Sophie Turner and Kit Harrington. Image courtesy of HBO.
via Sansa Stark’s Inconsistencies Reveal Game Of Thrones’ Women Problem
If you follow me on Twitter, you may have noticed that I sometimes like to quote Game of Thrones headlines and guess what the article’s about before I’ve read it. There was a little jealousy on my part that I wasn’t writing about the show weekly, because I think I could have done a good job, and I also hadn’t sold a pitch in nearly a year. It’s difficult to know what editors will like, and when you have trouble selling pitches, self-doubt creeps in.
This essay is really important to me because I’ve been thinking about the male-heavy production team since season four or five. I didn’t start watching Game of Thrones until after the third season had aired. I’d seen the pilot previously, but the amount of nudity put me off. When I did a blogging experiment to watch the first season (on my old blog, I’m not even sure if that still exists), I discovered that I loved it. I watched the first three seasons by Christmas of 2013 while I was listening to the audiobook for A Game of Thrones, and finished reading ASOIAF (just the published ones) by the time season four started. Over this time, I became invested in Sansa’s story, as an entitled teenage girl became a survivor.
Season four was when I was able to get into the discussion around Game of Thrones, which happened to have that scene with Jaime and Cersei in the crypt. I started to pay more attention to diversity in production, and how it can affect what happens onscreen. Then season five happened, and the possibility of Sansa going to Winterfell instead of Jeyne Poole was exciting until it went to the place everyone expected. This is a show I love dearly, and I don’t think loving a show means you can’t criticise it.
I spent a week working on this piece while I was also working full time and volunteering at the Melbourne Writers Festival (which has been great, hopefully I’ll write about it during the week). I didn’t really think about anything other than Game of Thrones for that week and I just worked on one piece. The people who cover the show weekly, whether through writing and/or podcasts put a lot of effort into what they do, and now I’m not sure whether this is something I’d want to cover on a weekly basis. It puts things in perspective. I’m glad to have written something about the show, and also a little glad it’s over for another season.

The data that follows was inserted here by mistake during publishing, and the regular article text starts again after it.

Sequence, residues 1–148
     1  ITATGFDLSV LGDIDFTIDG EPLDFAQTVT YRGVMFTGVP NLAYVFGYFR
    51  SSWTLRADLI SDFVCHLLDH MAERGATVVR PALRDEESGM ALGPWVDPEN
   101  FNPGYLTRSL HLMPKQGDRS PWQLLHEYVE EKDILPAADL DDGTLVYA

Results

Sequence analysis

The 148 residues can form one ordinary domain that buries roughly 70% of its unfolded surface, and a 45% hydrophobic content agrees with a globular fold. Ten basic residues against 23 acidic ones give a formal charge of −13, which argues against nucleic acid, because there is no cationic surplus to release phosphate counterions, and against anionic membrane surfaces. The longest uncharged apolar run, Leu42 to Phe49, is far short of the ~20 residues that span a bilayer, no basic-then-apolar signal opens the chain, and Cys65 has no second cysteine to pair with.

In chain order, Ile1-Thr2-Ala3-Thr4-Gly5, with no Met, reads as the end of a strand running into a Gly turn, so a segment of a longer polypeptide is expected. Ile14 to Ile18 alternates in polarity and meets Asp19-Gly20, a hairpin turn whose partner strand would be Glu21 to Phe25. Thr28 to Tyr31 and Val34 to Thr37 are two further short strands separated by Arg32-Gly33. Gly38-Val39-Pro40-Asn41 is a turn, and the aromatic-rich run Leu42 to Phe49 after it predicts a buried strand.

One of my favourite Game of Thrones podcasts is A Storm of Spoilers. It was originally for book readers and people who didn’t mind being spoiled, but now that most of the show’s storylines have surpassed the books, it includes production spoilers, which some people don’t like. One of my favourite parts of the podcast is the wild speculation and crackpot theories which are bandied about, and this week I came up with one of my own. I like to call it #BlackThorn.
The adaptation of George R.R. Martin’s A Song of Ice and Fire is a strange beast. The first season of Game of Thrones aired just before A Dance With Dragons was published, and fans of the books have seen another four seasons of the show before The Winds of Winter‘s publication. The fifth season of Game of Thrones ended at the same point as A Dance With Dragons, as Jon Snow is betrayed by his men in the Night’s Watch, as they believe he has broken his vows by saving the Wildlings, and arguably taking Stannis’ side in the war. All throughout the fifth season of Game of Thrones, Entertainment Weekly published a series of interviews and features with the cast and crew of the show. Following the finale, Kit Harrington ‘confirmed’ that Jon is dead. Book and show spoilers/speculation will be around.
Recency bias is a problem in television; people tend to judge seasons and series of television shows by their finale, which is a problem. This is overcome by episodic reviews, which are in themselves limited, particularly in serialised dramas such as Game of Thrones. The way television seasons are structured, there’s a climax towards the end of the season, and possibly some fallout. This has been the case with Game of Thrones, which followed The Wire’s footsteps in putting the Big Event in the penultimate episode of the season, and the aftermath of those events are the subject of the season finale. In the fifth season of the show however, there’s so much action that it was more or less spread across the last three episodes of the season. This was true of season four as well, but “The Watchers on the Wall” was a lacklustre episode that suffered from not having Stannis ride in to defeat the wildlings, which was saved for the season finale. This review is going to have spoilers from the first five episodes of the show and also some book details, so proceed with caution.